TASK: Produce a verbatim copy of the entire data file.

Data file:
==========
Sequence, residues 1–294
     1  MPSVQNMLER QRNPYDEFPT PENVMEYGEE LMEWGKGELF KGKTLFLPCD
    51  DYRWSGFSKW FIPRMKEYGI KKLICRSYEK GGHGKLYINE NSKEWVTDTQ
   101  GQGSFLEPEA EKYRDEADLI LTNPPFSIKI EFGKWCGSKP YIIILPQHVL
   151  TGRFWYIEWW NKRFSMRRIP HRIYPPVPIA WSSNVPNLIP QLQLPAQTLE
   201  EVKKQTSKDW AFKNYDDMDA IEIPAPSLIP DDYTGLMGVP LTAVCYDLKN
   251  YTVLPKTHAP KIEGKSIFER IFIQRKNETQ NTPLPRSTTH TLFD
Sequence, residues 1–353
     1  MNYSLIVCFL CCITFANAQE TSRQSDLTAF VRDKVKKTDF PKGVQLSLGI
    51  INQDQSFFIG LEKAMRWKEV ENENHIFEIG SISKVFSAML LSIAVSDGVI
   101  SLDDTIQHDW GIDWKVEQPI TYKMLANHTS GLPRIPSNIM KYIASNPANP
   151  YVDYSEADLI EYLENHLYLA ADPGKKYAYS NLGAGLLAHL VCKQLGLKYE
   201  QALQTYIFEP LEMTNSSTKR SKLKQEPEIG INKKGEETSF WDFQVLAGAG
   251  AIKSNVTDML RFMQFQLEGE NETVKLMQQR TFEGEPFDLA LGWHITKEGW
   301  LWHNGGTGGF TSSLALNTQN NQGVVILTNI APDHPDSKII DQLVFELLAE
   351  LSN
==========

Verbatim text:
Sequence, residues 1–294
     1  MPSVQNMLER QRNPYDEFPT PENVMEYGEE LMEWGKGELF KGKTLFLPCD
    51  DYRWSGFSKW FIPRMKEYGI KKLICRSYEK GGHGKLYINE NSKEWVTDTQ
   101  GQGSFLEPEA EKYRDEADLI LTNPPFSIKI EFGKWCGSKP YIIILPQHVL
   151  TGRFWYIEWW NKRFSMRRIP HRIYPPVPIA WSSNVPNLIP QLQLPAQTLE
   201  EVKKQTSKDW AFKNYDDMDA IEIPAPSLIP DDYTGLMGVP LTAVCYDLKN
   251  YTVLPKTHAP KIEGKSIFER IFIQRKNETQ NTPLPRSTTH TLFD
Sequence, residues 1–353
     1  MNYSLIVCFL CCITFANAQE TSRQSDLTAF VRDKVKKTDF PKGVQLSLGI
    51  INQDQSFFIG LEKAMRWKEV ENENHIFEIG SISKVFSAML LSIAVSDGVI
   101  SLDDTIQHDW GIDWKVEQPI TYKMLANHTS GLPRIPSNIM KYIASNPANP
   151  YVDYSEADLI EYLENHLYLA ADPGKKYAYS NLGAGLLAHL VCKQLGLKYE
   201  QALQTYIFEP LEMTNSSTKR SKLKQEPEIG INKKGEETSF WDFQVLAGAG
   251  AIKSNVTDML RFMQFQLEGE NETVKLMQQR TFEGEPFDLA LGWHITKEGW
   301  LWHNGGTGGF TSSLALNTQN NQGVVILTNI APDHPDSKII DQLVFELLAE
   351  LSN